FROM rallying to help in emergencies, to providing accommodation for families in crisis, Canberra community clubs have been recognised for their outstanding contributions made to local communities in the first Clubs & Community Awards. Eleven […]
A BILL was passed in the ACT Legislative Assembly yesterday (September 20), which removes legal loopholes preventing child abuse survivors from suing some institutions.
The Civil Law (Wrongs) (Child Abuse Claims Against Unincorporated Bodies) Amendment Bill 2018, will remove a legal technicality – known as the “Ellis defence” – which prevents survivors of child sexual abuse from seeking compensation through the courts.
“These changes are in-line with recommendations from the Royal Commission into Institutional Responses to Child Sexual Abuse,” says Attorney-General Gordon Ramsay.Mr Ramsay says under the new law, an institution, that is unincorporated, can nominate a legal entity with sufficient assets as the “proper defendant” in a proceeding for a child abuse claim.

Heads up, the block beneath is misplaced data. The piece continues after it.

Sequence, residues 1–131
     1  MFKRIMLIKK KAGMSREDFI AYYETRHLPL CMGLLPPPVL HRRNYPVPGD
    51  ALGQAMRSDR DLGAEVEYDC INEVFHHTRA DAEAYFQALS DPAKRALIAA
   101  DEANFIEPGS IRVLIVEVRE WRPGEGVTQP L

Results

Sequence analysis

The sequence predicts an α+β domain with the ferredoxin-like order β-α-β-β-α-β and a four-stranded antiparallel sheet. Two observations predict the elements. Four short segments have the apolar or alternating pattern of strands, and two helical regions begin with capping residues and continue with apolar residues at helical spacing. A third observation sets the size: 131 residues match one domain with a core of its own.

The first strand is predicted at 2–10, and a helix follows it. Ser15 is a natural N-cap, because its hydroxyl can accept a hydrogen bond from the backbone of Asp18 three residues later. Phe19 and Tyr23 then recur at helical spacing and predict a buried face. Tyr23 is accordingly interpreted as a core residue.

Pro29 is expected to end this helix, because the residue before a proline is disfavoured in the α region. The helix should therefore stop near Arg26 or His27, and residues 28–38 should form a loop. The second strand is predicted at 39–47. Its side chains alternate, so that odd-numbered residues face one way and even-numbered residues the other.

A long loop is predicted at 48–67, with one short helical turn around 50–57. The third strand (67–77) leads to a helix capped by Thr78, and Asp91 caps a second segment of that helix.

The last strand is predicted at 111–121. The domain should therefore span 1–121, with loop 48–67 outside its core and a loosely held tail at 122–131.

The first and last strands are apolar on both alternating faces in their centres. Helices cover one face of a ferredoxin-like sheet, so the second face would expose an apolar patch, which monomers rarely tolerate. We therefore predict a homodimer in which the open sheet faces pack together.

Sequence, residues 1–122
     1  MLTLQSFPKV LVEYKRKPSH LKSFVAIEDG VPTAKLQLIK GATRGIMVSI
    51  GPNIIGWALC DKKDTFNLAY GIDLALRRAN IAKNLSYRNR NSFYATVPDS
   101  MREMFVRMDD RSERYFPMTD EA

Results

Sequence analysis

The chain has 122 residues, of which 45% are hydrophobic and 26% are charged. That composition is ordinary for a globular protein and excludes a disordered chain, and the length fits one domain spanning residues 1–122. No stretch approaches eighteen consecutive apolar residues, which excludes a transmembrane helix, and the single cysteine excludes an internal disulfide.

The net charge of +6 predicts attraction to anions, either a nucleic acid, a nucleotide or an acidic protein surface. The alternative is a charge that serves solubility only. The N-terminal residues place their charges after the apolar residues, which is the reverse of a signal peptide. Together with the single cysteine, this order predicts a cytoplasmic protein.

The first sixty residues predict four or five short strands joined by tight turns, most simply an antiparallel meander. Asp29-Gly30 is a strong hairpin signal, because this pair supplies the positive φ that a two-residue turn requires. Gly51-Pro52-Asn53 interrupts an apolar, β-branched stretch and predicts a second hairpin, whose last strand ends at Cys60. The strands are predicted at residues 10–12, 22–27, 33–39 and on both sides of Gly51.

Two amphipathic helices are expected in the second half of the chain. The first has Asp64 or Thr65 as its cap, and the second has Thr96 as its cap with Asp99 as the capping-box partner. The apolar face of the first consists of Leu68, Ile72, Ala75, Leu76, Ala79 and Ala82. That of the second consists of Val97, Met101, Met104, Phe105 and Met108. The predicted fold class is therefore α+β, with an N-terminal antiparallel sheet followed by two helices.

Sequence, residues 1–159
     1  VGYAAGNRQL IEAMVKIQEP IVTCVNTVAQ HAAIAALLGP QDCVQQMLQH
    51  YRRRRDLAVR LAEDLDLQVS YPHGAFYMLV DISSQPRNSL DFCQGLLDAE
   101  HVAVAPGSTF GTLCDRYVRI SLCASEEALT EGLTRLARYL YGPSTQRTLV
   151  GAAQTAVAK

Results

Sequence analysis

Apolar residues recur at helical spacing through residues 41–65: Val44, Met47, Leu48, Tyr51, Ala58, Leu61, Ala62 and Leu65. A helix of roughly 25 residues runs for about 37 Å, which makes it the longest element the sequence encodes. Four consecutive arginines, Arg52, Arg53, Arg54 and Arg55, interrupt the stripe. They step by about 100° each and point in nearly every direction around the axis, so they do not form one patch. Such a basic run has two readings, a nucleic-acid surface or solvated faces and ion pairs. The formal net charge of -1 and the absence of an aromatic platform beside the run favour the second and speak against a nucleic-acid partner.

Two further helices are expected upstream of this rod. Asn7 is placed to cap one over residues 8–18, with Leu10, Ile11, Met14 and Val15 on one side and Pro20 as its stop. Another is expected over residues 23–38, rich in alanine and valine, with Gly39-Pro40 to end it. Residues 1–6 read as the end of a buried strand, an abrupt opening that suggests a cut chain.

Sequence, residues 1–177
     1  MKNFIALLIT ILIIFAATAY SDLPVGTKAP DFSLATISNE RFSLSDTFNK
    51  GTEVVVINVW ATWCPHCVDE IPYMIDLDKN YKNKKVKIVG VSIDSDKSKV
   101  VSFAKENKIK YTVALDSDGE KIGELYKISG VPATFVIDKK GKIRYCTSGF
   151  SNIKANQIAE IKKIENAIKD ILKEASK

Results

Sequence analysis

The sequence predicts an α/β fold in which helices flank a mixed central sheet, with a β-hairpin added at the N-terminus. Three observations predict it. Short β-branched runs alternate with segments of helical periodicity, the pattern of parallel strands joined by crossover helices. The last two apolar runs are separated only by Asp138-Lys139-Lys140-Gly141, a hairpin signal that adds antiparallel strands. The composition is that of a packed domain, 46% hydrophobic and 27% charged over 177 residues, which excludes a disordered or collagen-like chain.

If no nomination is made, or the nominated proper defendant is not suitable, a survivor will be able to apply for a court order to appoint a trust, related to the unincorporated institution, as the proper defendant.
“We have changed the law so that all organisations, regardless of their legal structure, can be held accountable for the harm caused to survivors of institutional child abuse,” he says.
“All child abuse survivors deserve equal rights to take legal action and seek compensation, and this Bill will give them the opportunity to get the justice they rightly deserve.”